If a person – a Gentile convert – goes back to the law and becomes circumcised, this person has fallen from grace and is re-introducing again the barrier that was broken down by the Messiah and is again separating Jew and Gentile by the old covenant identity of circumcision because the only basis of fellowship for both Jew and gentile is in the Holy Spirit and the hope of righteousness that results from faith (Gal. 5.2-6 ). But if we live by the Spirit we will become expressions of the one to whom we belong, the Messiah, and we will not fulfil the desires and passions of the flesh (Gal. 5.16) but the Spirit will transform us into his image and likeness and we will exhibit in our life the fruits of a practical righteousness (Gal.5.22-23).
Before his conversion on the Damascus road (Acts 9.1-19), the apostle Paul would have found the idea of a crucified messiah abhorrent because of Deuteronomy 21.23 (‘for he that is hanged on a tree is accursed of God’). His encounter with the risen Jesus led him to build his case for justification by faith from the presupposition that Jesus’ death on the cross was a substitutionary atoning sacrifice for sin.
Paul’s contention against the false brethren or ‘judaizers’ in his letter to the Galatians is that they require Gentile converts to submit to the law and be circumcised in order to avoid persecution for the sake of the cross. John Calvin says that Paul’s mode of argumentation in Galatians is dialectical and can be reduced to four propositions:
- Everyone is required to keep the law perfectly;
- No one is able to keep the law perfectly;
- All who rely on the works of the law for salvation are under a curse (Gal 3.10 ; Deut 27.26);
- Christ redeemed us from the curse of the law when he became a curse instead of us.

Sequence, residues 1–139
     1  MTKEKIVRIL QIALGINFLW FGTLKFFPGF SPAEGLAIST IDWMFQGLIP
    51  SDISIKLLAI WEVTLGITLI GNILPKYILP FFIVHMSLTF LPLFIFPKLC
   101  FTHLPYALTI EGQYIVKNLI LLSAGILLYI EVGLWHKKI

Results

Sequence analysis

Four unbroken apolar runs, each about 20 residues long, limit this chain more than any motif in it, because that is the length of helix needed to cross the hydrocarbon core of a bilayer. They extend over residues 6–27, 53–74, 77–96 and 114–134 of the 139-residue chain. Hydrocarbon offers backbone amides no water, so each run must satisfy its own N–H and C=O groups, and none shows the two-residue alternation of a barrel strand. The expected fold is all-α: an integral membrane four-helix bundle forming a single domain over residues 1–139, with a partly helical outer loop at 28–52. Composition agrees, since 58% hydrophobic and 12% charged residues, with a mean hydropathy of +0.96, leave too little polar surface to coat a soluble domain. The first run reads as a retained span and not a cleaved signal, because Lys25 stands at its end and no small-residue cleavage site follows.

Paul uses ‘the curse’ as the analogy in this syllogism to demonstrate that righteousness or justification came by faith in Christ and not from obedience to the law which can only bring a curse to sinners.
In Galatians 2 we read that Simon Peter was content to eat with uncircumcised Gentile Christians until certain Christians had arrived from James in Jerusalem who were zealous for the torah. Because of fear, Peter separated himself from the Gentile Christians, so Paul confronted him. The central issue that arose is whether it is right for Jewish Christians and Gentile Christians to enjoy table fellowship. The doctrine of justification by faith only and not by works of the law is the doctrine that provides the answer to this very important question.
Paul provides three reasons why works of the law cannot justify:
- God has re-defined his people as those who have faith in the Messiah who fulfilled the law and obeyed it perfectly and died as the perfect sacrifice on the cross on our behalf. This is the new covenant in his blood.
- Works of the law will never justify because what the law does is to reveal sin and nobody can keep it perfectly.
- The law cannot justify, because the law imprisons everything under the power of sin and acts as a guardian for those who are immature and under the slavery of sin until the coming faith that is to be revealed in the Messiah (Gal.3.23).
The divine answer to the problem of human sin and the division between Jew and gentile lies in the covenant promise made by God to Abraham in Genesis 15.5-6 (Gal.3.6) to bless the whole world through his seed by faith, and so by the same faith that Abraham exercised, Gentiles would become the seed of Abraham (Gal. 3.29) and be united with Jews into one body through the gospel (Eph. 3.6).